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"Blade Runner" eyelight


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#1 Matt Irwin

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Posted 02 March 2007 - 02:51 PM

I'm shooting a horror short soon, and the director is interested in testing the glowing eyelight effect that Jordan Cronenweth used on Sean Young in Blade Runner.

I read the old AC article and know the basic setup--- Shoot through a large piece of optical flat at 45 deg. to film plane, aim a small fresnel (150 scrimmed/dimmed??) at the flat 90 deg. perpendicular to film plane. Light reflects off of the flat, bounces off the back of the eye and backlights the pupil.

That all makes sense in theory, but I've just never done it. Are there any practical issues I should know about with regards to the setup? How much can the talent pan their head before the effect disappears? I'd like to get it as right as possible for the test because we won't have enough film for trial and error.

Shooting s16 7218 rated @ 400 & superspeeds. Anyone here done this before?
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#2 Chris Keth

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Posted 02 March 2007 - 02:57 PM

I'm shooting a horror short soon, and the director is interested in testing the glowing eyelight effect that Jordan Cronenweth used on Sean Young in Blade Runner.

I read the old AC article and know the basic setup--- Shoot through a large piece of optical flat at 45 deg. to film plane, aim a small fresnel (150 scrimmed/dimmed??) at the flat 90 deg. perpendicular to film plane. Light reflects off of the flat, bounces off the back of the eye and backlights the pupil.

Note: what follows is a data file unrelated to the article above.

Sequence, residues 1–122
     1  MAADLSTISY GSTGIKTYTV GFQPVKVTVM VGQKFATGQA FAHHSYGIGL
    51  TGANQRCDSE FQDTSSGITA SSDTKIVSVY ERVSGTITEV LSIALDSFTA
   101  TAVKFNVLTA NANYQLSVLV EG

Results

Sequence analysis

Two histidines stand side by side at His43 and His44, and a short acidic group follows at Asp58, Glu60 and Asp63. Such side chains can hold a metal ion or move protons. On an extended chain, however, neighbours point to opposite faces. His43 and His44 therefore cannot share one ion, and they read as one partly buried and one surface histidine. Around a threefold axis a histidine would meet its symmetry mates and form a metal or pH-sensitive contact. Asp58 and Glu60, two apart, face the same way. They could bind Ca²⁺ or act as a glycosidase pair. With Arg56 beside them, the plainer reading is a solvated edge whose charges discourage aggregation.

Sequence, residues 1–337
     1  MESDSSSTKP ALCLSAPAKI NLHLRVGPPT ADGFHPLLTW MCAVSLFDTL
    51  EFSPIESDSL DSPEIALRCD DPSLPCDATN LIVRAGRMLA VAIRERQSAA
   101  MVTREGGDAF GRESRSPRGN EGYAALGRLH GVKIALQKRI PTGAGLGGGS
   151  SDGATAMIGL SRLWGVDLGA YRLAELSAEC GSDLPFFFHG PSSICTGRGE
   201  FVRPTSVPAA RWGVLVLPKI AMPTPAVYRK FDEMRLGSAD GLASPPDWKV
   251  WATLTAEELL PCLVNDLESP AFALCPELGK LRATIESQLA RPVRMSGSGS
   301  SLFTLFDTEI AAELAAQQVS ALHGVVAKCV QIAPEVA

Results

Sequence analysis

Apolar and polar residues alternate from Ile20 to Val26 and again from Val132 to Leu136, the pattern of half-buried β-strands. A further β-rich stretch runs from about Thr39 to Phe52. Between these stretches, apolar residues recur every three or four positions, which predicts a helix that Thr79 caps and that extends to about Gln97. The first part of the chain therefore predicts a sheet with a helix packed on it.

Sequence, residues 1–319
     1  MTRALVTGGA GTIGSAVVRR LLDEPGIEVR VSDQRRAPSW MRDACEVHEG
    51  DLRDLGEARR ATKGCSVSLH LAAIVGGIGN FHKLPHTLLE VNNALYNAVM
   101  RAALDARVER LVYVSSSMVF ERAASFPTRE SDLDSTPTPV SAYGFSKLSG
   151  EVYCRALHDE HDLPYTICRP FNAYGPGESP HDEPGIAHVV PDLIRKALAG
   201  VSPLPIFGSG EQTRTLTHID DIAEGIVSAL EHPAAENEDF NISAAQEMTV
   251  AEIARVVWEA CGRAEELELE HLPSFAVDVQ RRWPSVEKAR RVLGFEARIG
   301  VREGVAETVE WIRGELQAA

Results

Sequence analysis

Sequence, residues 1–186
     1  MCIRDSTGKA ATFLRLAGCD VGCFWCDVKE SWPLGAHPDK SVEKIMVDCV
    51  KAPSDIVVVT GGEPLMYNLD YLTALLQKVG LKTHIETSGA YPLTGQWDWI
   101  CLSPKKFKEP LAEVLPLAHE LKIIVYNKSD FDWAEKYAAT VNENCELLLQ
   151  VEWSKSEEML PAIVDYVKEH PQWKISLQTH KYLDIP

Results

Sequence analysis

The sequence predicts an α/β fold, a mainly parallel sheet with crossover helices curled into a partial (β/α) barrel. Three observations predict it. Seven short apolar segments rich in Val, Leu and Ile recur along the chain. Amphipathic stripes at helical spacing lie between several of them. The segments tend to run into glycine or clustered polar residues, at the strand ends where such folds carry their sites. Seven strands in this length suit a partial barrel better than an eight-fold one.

That all makes sense in theory, but I've just never done it. Are there any practical issues I should know about with regards to the setup? How much can the talent pan their head before the effect disappears? I'd like to get it as right as possible for the test because we won't have enough film for trial and error.

Shooting s16 7218 rated @ 400 & superspeeds. Anyone here done this before?


The tricky part is making a way to hold it all securely and in proper relation to each other. Beyond that it's just a matter of getting the intensity right, which testing should tell you.
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#3 chuck colburn

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Posted 02 March 2007 - 05:08 PM

Optically speaking I would suggest you use a piece of water white float glass as opposed to standard plate (window glass) and use as thin of a piece as possible. A quick test that you can do to see how flat the piece of glass that you have is to hold it more or less parallel to a flourescent fixture in a ceiling and look at the edges of the fixture. Any diviations in flatness of the glass will show up as a wavy reflection of the fixture. You can use this test on lens filters also. So far as movement of the actors head you should be able to see this in the reflex viewfinder of the camera.
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#4 Jon Kukla

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Posted 02 March 2007 - 05:40 PM

I believe that it's easiest with a 50/50 mirror (aka semi-silvered mirror). I've been present for tests of this effect, and yes, the hardest thing is just setting everything up to precise positions for each variable - light, mirror, camera, and actor. You should definitely allow a good bit of time in order to get the shot. Other than that, make certain to line it up and view it at least once in the viewfinder, as I've had the misfortune to see several people relying on the monitor, where it's least likely to be properly visible.